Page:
Vellalar is a generic Tamil term used primarily by various castes who traditionally pursued agriculture as a profession in the Indian states of Tamil Nadu, Kerala and northeastern parts of Sri Lanka. Some of the communities that identify themselves as a Vellalar are the numerically strong Arunattu Vellalar, Chozhia Vellalar, Karkarthar Vellalar, Kongu Vellalar, Saiva Vellalar, Thuluva Vellalar and Sri Lankan Vellalar. Despite being a relatively lowly group, they were dominant communities in Tamil agrarian societies for 600 years until the decline of the Chola empire in the 13th century, with their chieftains able to practise state-level political authority after winning the support and legitimisation of Brahmins and other higher-ranked communities with grants of land and honours.
The word Vellalar may come from the root Vellam for flood, which gave rise to various rights of land; and it is because of the acquisition of land rights that the Vellalar got their name.
The Vellalars are one of the tribes claiming ancestry from the aristocratic Velir chieftains.[note 1] The Sangam literature describes the Vellalar tribes as a landed gentry who irrigated the wet lands and the Karalar as the landed gentry in the dry lands. There were two types of Vellalar, being the cultivators called Velkudi Ulavar and the wealthy landowners called Kaniyalar or Kodikkalar. According to the anthropologist Kathleen Gough, "the Vellalars were the dominant secular aristocratic caste under the Chola kings, providing the courtiers, most of the army officers, the lower ranks of the kingdom's bureaucracy, and the upper layer of the peasantry".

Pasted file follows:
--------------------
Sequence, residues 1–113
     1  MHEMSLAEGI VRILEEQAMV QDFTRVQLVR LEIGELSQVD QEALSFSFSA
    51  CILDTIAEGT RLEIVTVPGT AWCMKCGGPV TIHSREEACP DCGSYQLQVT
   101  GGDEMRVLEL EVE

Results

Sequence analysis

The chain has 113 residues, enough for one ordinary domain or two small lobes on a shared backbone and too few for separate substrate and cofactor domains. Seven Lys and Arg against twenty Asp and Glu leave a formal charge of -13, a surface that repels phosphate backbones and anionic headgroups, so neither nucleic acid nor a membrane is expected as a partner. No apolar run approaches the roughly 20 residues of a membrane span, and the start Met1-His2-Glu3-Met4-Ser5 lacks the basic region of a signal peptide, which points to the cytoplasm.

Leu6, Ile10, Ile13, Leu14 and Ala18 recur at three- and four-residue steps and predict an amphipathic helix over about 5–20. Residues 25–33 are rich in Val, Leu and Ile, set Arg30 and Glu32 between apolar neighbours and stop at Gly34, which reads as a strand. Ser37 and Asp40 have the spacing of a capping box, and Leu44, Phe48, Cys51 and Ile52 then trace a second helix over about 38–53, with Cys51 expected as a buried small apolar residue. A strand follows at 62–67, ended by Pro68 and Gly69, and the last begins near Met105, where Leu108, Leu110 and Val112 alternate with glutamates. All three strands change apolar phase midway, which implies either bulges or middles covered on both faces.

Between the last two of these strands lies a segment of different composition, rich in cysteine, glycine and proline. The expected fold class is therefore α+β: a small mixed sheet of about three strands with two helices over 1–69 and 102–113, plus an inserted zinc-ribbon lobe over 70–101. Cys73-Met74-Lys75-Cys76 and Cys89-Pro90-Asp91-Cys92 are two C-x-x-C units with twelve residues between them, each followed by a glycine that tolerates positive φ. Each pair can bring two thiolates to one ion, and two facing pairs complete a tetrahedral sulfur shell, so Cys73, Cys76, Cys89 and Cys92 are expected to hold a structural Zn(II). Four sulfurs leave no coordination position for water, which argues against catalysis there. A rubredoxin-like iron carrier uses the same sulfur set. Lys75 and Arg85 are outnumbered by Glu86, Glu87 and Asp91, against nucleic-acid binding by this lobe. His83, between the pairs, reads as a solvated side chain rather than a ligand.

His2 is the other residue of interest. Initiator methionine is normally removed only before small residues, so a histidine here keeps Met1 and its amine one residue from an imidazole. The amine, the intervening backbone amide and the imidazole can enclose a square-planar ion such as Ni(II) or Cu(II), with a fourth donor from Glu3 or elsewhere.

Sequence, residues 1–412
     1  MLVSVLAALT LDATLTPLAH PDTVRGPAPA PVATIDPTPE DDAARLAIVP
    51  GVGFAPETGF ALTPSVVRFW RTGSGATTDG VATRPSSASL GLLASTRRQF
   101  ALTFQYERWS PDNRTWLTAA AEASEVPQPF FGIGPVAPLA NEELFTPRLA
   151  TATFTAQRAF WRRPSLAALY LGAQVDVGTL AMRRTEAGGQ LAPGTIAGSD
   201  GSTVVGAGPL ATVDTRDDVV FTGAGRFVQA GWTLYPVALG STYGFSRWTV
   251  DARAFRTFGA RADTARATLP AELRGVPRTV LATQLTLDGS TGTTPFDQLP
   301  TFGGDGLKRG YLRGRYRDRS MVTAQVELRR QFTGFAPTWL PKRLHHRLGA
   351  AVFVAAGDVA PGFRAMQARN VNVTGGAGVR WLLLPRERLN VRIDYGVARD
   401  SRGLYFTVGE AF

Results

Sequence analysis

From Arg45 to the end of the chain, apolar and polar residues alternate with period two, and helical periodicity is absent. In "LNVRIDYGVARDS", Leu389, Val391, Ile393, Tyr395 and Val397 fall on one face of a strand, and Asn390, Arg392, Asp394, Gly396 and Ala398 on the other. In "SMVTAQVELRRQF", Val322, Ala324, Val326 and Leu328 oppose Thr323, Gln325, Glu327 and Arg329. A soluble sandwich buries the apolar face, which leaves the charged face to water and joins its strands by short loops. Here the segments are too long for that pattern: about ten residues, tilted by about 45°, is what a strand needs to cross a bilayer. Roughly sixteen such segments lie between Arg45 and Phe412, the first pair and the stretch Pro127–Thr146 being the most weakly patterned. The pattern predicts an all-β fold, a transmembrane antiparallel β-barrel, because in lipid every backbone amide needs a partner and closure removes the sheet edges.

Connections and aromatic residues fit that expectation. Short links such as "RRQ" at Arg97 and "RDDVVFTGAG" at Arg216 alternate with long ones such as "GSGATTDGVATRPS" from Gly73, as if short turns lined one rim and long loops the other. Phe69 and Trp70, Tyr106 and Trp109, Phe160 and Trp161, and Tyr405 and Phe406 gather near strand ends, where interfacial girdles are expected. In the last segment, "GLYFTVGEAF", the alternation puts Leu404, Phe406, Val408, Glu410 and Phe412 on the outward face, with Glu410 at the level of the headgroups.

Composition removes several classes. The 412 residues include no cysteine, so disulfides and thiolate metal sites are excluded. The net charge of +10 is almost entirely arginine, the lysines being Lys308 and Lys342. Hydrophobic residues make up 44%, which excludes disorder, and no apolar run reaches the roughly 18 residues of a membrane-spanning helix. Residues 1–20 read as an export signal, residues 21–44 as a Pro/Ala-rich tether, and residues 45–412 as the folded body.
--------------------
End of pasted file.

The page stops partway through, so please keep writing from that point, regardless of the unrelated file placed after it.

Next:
The Vellalars who were land owners and tillers of the soil and held offices pertaining to land, were ranked as Sat-Sudra in the 1901 census; with the Government of Madras recognising that the 4-fold division did not describe the South Indian, or Dravidian, society adequately. Following the arrival of Dutch missionaries in the early 18th century, some Vellalar converted to Christianity.
The Vellalars of Sri Lanka have been chronicled in the Yalpana Vaipava Malai and other historical texts of the Jaffna kingdom. They form half of the Sri Lankan Tamil population and are the major husbandmen, involved in tillage and cattle cultivation. Local Sri Lankan literature, such as the Kailiyai Malai, an account on Kalinga Magha, narrates the migration of Vellala Nattar chiefs from the Coromandel Coast to Sri Lanka.